Videoblogg filmed in Abiko on the 3rd of August 2017.
Videoblogg filmed in Abiko on the 3rd of August 2017.
Videoblog filmed in Abiko on the 1st of August 2017.
Host family day is always a fun day! As my host family had already noticed that I was quite tired after a week of many exciting activities, they told me that we wouldn’t start the day until closer to 9, so it was ok for me to sleep past the usual time of 7, which I found very satisfying. Breakfast was served in the traditional Japanese way of delicious, and once the full family of four (counting myself) were ready for adventure, we departed for the local museum of natural disasters!
At the museum I gloriously failed a quiz on how to react during an earthquake, and managed to bleed some nosebleed during a fire evacuation drill, which really impressed the group of Japanese people I was getting a tour with. In addition, I got to experience an earthquake simulation of how a scale 6 earthquake would have been, which was fairly terrifying. We also went into a rain chamber to get a feel for how it is to stand in 30 m/s winds and 30mm/h rain, which doesn’t sound like much, but when you consider that the winds of a typhoon are twice that strength, it puts things into perspective.
Once we finally finished at the museum, we moved on to the Buddhist temple Shibamata Taishakuten in Tokyo, which is surrounded by very touristy shops. The temple itself had a very nice garden behind the main building, which was only overshadowed by the amazing wood carvings surrounding the temple. The last part of the day was dedicated purely to watching the awesome Japanese fireworks display, which was a really good finish for the day! Relaxing and interesting all the way to the end, and I could not have asked for anything better.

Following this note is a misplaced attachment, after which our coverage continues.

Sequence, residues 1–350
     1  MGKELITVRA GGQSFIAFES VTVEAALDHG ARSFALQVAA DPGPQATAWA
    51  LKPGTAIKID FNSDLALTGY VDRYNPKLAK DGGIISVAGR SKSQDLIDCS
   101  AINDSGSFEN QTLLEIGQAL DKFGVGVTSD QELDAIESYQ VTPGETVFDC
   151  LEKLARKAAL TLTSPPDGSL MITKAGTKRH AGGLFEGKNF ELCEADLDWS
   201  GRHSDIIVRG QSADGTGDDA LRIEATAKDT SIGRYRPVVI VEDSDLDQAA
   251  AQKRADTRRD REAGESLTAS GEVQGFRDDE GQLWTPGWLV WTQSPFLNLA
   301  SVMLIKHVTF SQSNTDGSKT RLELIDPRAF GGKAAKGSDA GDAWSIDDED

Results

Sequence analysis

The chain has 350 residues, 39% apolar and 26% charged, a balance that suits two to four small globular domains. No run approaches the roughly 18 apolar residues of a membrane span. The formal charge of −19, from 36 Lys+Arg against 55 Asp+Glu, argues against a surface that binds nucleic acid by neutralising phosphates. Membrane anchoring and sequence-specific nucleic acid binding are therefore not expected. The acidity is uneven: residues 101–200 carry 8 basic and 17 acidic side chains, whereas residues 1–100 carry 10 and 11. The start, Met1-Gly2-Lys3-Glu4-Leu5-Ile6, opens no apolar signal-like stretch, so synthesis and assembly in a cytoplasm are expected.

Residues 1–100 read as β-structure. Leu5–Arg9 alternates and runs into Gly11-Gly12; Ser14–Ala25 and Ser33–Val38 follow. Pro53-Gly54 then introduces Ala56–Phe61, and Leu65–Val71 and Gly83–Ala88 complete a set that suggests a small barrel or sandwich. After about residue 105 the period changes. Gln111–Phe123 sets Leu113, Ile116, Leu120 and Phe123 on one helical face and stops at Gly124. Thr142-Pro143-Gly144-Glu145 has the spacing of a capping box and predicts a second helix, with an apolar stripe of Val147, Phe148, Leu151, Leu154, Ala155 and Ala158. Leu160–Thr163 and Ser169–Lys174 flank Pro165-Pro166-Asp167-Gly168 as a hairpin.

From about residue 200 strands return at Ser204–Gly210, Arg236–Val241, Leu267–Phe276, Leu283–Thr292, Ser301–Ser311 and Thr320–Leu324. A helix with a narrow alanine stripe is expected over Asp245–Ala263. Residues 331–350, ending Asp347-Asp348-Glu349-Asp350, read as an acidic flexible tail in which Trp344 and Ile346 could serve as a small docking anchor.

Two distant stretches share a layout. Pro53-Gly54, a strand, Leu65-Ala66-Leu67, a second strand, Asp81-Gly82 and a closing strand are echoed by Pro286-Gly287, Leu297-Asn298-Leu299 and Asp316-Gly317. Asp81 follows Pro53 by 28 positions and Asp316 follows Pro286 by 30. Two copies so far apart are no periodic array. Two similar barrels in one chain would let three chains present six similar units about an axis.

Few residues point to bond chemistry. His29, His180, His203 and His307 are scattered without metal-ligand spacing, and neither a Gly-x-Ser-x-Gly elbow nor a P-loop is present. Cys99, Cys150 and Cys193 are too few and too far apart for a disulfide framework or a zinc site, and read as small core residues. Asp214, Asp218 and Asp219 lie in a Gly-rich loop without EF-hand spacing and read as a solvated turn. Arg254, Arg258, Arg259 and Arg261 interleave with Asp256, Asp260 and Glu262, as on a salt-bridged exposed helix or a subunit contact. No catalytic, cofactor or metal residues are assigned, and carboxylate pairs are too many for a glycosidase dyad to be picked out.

Simen Solum (Norway)
If you thought that World Campus – Japan is the kind of program that would make you feel rested, well you’re very, very far from the reality. The previous day, I went to sleep at 2:30 am, because I had to write a letter to my host family and didn’t have time before. My host family invited two other host families in the evening (so there were 8 little kids running around in the house, which might sound very cute, but is at the same time very tiring).
So the morning, with my eyes half opened, we had our first Naginata practice! Even as a half Japanese, I had no idea how this sport was done. We practiced it in a tiny room with 25 people in it doing some Naginata moves. It was actually very fun, even if I almost made a hole in the wall. I enjoyed it much more than the Kendo we tried in the previous week.
Later, we tried Taiko. I usually love it, but today the song was a bit repetitive, so we decided that it was much better to dance Bon-Odori all together instead. Here is the World Campus – Japan mentality: “If we find a way to dance and make fool of ourselves, we’ll probably do it.” I guess that Arigato event is a perfect example to illustrate that. Anyways, it was much more fun dancing traditional Japanese dance with Japanese people around, all wondering what kind of weird gaijin we were.